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Teachers at MP institute remember Somali president as a ‘good pupil’

Indian Express
Monday, September 17, 2012

This is one Somali connection any Indian city would love to flaunt.

The African country’s new President Hassan Sheikh Mohamud trained in Bhopal to complete a Masters degree in Technical Education during 1986-88. It’s his work in education reforms that seems to have helped the 56-year-old moderate leader to get elected to the top position in the violence-scarred nation.

Twenty-four years is a long period and it took the National Institute of Technical Teachers’ Training and Research (then called Technical Teachers’ Training Institute) a while to clear the dust off the old files. The records are so old that NITTTR while appropriating the illustrious alumni on its website has used his current photograph, not sure how he looked then because all those who taught him have retired.

“We can’t claim that our academic grooming helped him reach the political pinnacle. He was good at studies and was appreciated by teachers because he was regular in completing assignments,” recalls N S Kapruan (78), who was coordinator of the batch of dozen-odd students and held various top positions by the time he retired in 1994.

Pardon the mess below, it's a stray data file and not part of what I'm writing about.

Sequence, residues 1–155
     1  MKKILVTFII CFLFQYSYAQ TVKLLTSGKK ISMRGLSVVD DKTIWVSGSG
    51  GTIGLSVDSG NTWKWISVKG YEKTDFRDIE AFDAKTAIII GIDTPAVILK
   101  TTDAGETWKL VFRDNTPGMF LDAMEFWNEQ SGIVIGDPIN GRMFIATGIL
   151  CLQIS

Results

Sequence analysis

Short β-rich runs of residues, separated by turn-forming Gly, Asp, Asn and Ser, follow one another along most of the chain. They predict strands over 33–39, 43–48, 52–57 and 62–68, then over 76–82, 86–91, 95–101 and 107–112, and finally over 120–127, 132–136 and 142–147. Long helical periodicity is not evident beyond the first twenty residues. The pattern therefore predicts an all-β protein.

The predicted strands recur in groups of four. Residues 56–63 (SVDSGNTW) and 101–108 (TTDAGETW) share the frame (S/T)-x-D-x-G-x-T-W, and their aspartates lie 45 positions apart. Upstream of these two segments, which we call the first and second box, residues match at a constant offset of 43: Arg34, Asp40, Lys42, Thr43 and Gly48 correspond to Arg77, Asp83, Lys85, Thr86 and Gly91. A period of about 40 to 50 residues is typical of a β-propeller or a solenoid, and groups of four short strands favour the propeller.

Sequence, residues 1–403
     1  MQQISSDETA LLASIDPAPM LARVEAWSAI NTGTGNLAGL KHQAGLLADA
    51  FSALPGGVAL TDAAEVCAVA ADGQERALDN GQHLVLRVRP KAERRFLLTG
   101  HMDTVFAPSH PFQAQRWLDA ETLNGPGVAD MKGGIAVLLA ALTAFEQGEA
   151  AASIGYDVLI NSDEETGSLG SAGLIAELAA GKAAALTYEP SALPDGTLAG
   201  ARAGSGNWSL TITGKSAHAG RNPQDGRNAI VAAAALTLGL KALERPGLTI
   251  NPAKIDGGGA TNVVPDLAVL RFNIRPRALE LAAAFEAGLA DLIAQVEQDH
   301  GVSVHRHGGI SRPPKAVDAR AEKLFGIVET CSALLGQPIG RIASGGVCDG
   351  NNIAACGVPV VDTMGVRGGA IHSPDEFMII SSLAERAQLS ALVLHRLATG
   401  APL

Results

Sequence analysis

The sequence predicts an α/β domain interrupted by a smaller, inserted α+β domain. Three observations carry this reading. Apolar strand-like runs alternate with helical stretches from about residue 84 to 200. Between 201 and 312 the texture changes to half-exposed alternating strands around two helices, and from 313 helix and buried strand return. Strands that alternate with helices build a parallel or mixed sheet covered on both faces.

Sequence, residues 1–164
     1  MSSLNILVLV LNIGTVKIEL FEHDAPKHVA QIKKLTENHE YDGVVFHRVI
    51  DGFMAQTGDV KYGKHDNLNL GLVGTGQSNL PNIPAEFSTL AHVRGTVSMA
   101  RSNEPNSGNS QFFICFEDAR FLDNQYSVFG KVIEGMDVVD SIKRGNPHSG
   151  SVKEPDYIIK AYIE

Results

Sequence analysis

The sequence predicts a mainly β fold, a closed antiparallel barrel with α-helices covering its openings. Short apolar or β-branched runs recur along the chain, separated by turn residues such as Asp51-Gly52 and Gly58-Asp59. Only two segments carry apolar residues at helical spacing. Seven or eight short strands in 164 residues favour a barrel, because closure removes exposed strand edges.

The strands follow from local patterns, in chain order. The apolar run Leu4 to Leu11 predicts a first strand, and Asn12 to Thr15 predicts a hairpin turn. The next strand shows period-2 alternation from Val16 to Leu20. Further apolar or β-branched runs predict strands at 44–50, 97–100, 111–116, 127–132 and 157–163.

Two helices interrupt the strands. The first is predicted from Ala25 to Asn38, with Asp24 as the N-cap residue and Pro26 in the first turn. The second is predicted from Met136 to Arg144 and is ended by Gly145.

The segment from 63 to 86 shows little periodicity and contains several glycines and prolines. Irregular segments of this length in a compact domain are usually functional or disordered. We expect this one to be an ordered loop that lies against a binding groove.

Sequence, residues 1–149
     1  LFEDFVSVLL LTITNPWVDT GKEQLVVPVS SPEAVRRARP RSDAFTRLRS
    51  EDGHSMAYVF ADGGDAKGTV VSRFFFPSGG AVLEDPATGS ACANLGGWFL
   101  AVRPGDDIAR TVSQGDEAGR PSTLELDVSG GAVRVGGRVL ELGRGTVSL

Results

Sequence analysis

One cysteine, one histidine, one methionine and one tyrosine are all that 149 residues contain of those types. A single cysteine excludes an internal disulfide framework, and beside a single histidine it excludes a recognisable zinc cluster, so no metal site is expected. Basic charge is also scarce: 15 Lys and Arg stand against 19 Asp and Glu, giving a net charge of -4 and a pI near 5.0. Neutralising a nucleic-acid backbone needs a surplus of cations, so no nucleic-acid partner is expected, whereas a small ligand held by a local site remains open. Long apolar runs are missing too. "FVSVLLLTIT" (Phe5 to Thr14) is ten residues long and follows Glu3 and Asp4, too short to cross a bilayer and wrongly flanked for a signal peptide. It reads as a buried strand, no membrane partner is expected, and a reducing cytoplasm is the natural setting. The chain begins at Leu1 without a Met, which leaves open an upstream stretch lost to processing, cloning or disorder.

He remembers how he missed out being part of the group photograph when the 1988 batch was graduating.

“I was in the university collecting mark-sheets and other documents because their visas were to soon expire.” The septuagenarian says Somalia was in turmoil even then and remembers how difficult it was to send degrees because no one was sure if it would reach the correct address.

Mohamud escaped an attempt on his life immediately after taking over the new responsibility when suicide bombers struck the Mogadishu hotel where he was meeting a foreign delegation. The Bhopal institute hasn't been able to get in touch with him because after the assassination bid he has been moved to a secure location.

Mohamud did a project under Prof N K Banthiya, who is now associated with a Jaipur-based private institution after his retirement.

“He was a good student and nice person, and my wife remembers hosting him over dinner,” says Banthiya.


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